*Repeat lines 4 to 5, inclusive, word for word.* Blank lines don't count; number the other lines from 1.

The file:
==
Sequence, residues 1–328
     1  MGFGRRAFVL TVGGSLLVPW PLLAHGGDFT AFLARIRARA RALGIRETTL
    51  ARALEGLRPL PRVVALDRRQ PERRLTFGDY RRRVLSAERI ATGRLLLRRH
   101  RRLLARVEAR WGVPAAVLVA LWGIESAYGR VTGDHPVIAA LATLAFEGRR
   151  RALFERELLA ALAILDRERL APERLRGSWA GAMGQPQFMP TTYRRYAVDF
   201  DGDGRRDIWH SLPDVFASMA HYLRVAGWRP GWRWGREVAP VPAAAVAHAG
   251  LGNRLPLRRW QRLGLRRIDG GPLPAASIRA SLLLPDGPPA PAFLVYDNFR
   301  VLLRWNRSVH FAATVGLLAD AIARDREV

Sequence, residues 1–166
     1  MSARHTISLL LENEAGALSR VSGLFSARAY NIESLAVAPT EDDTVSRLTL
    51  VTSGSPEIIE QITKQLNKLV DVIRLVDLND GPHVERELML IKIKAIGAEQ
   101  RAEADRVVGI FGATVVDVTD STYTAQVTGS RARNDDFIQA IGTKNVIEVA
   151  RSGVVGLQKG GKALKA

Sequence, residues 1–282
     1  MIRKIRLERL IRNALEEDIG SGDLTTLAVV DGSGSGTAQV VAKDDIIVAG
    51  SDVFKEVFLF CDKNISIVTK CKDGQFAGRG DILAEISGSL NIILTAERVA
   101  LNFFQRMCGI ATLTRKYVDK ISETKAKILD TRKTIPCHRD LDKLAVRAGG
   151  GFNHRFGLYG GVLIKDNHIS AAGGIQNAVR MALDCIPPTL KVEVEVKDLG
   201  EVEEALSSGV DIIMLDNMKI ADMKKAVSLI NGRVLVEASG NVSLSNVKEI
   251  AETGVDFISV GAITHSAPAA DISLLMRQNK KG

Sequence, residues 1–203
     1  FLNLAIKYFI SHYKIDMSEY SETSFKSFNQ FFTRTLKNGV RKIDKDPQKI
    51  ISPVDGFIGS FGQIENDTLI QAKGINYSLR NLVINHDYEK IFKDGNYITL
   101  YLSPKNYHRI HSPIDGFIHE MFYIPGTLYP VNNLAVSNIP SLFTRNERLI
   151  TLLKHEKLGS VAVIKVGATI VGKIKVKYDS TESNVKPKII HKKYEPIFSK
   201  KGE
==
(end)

   101  RRLLARVEAR WGVPAAVLVA LWGIESAYGR VTGDHPVIAA LATLAFEGRR
   151  RALFERELLA ALAILDRERL APERLRGSWA GAMGQPQFMP TTYRRYAVDF